Hey There, Up North!
As some of my friends would say, this is a classic “get off my lawn moment” from Jason. Well, here goes.
Hey there, Mr. or Mrs. Northern United States! How y’all doing? Did’ya eat yet?
Listen, there’s something that’s bothering me a little about some of your comments about my little ol’ state and some of our neighbors over the past 48 hours. Y’all seem to think that we’re just not all that smart because a measly two inches of snow shut down two of the largest metropolitan areas in the Southern U.S.
Some of you are tweeting nasty things about how those of us down south need to be better prepared, and some of you are commenting on Facebook posts by painting us in a very negative light. That’s just not nice, y’all. You see, in the South, we help each other as much as we can, and we absolutely welcome the help, the insight, and the expertise of folks who aren’t “from around here.” You’re 100% correct: there is a lot we could learn from you on how to handle traffic gridlock, treating highways, snow and ice removal, etc.
Then again, did you know that there’s a huge volume of traffic trying to travel on curvy, two-lane roads in the Birmingham metropolitan area? It’s hard enough to drive in Mountain Brook, Vestavia Hills, Helena, Alabaster, Pelham and Irondale when it’s dry – let alone when the roads get icy.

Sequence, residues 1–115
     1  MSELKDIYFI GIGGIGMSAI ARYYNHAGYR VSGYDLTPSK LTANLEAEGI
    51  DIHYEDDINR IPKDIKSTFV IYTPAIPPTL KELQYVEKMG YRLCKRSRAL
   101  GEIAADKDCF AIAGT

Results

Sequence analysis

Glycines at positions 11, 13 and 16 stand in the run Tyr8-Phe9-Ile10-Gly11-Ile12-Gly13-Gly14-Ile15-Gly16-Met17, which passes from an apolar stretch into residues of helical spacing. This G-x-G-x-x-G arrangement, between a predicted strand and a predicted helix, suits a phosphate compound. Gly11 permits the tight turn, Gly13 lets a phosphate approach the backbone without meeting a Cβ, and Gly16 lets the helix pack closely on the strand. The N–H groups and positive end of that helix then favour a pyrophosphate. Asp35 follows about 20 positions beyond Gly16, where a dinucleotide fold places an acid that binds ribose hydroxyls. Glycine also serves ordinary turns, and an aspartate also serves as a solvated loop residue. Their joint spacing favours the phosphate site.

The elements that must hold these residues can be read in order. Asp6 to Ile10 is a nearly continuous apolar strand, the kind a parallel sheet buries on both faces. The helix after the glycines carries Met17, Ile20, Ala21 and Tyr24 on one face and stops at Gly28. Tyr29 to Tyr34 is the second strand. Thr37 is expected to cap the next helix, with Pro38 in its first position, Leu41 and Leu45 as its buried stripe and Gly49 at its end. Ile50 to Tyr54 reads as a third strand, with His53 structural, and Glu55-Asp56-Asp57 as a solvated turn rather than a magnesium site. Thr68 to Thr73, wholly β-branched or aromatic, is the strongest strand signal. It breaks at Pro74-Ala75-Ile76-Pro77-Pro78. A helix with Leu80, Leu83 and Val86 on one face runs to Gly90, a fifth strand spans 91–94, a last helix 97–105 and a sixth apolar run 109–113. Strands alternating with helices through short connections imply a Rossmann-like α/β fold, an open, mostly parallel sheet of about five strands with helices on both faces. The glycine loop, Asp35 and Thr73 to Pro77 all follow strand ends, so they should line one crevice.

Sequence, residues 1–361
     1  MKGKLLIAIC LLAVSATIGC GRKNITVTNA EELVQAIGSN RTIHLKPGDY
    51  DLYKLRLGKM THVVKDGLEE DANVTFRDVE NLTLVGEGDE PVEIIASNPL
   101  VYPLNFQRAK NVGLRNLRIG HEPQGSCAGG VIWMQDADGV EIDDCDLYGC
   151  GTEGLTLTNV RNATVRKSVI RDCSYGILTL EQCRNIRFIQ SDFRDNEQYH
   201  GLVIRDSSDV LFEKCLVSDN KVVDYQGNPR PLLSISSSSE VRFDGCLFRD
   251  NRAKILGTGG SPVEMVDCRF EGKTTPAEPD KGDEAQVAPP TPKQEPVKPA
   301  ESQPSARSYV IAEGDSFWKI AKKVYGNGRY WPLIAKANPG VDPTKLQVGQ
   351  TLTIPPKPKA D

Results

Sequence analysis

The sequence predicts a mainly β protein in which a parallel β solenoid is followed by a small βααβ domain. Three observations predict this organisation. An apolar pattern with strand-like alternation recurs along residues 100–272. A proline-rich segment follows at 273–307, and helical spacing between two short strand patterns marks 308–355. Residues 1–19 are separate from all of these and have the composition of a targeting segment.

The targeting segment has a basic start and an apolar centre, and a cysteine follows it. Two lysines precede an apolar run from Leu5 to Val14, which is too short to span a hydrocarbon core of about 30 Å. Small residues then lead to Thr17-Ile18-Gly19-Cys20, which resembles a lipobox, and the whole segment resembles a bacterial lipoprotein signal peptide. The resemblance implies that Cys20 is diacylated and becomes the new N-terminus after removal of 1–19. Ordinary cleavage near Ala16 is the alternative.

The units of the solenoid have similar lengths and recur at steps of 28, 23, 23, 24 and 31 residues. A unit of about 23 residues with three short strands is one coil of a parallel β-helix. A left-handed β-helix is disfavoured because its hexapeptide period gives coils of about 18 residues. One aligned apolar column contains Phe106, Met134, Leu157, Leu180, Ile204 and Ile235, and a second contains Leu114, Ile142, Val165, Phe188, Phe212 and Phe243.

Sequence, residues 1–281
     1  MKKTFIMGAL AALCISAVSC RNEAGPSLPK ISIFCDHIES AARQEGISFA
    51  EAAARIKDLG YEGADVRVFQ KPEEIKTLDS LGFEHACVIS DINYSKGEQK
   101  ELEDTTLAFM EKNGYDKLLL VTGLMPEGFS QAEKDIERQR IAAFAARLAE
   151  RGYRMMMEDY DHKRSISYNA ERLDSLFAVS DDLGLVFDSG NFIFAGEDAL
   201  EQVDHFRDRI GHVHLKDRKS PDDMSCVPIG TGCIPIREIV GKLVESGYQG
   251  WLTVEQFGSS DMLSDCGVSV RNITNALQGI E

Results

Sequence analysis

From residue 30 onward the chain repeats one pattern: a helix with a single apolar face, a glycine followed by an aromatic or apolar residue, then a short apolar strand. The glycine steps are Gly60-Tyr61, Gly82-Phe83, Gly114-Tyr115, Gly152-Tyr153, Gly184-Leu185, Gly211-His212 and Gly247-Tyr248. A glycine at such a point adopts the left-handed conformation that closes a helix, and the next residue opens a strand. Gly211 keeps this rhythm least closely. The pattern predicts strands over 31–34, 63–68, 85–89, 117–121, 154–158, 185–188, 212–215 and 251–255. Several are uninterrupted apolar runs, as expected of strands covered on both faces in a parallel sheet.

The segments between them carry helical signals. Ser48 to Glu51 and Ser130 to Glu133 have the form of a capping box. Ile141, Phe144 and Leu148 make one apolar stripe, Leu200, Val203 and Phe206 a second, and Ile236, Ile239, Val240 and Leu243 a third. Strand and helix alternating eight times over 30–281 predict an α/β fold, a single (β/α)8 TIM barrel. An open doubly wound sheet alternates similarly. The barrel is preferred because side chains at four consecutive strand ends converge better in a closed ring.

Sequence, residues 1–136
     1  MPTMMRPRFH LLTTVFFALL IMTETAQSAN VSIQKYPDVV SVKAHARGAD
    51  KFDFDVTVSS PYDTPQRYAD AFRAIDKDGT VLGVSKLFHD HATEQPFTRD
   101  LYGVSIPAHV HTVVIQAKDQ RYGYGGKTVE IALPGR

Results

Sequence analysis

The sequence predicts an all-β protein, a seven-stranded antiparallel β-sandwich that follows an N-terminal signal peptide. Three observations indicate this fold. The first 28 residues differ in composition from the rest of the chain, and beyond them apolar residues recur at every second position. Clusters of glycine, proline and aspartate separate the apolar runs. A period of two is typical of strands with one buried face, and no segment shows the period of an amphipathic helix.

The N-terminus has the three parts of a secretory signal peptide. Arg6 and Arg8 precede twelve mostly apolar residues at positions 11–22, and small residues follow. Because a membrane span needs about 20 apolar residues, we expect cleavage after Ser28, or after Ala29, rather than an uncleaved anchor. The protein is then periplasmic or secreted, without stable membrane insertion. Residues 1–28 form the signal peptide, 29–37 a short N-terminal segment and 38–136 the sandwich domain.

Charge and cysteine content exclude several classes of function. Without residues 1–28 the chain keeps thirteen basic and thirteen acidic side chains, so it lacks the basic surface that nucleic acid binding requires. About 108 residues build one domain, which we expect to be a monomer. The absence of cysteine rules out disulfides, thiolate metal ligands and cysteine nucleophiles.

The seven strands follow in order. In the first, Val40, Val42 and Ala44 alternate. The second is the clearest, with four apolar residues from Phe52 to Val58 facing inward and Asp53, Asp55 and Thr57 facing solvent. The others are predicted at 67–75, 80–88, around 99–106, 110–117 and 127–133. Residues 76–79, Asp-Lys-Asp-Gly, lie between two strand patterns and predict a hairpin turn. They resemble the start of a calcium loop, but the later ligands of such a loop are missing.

There’s a problem, though. In Alabama, we didn’t get our first snow plow in Birmingham until after the Blizzard of ’93. Since then, we really haven’t had a lot of big snows. I’m sure the guy who trained to drive that thing is probably long retired by now.
But you see, Mr. or Mrs. North, that snow plow doesn’t do much good when there’s a glaze of ice an inch thick beneath the snow in Mobile.
Hey now, no hard feelings! We’re an easy-going, loving group of folks. Go ahead and have your fun at our expense, but we’ll be watching how you all fare if this snow forecast from the European forecast model pans out:
And you know what else? We’ll be ready and willing to help you in any way we can. If you ever get stuck in the snow on some icy interstate someday, it might just be a good ol’ boy or girl from Alabama, Mississippi, Louisiana, Georgia, or Tennessee that comes to your rescue.
We’re always looking for a way to help others.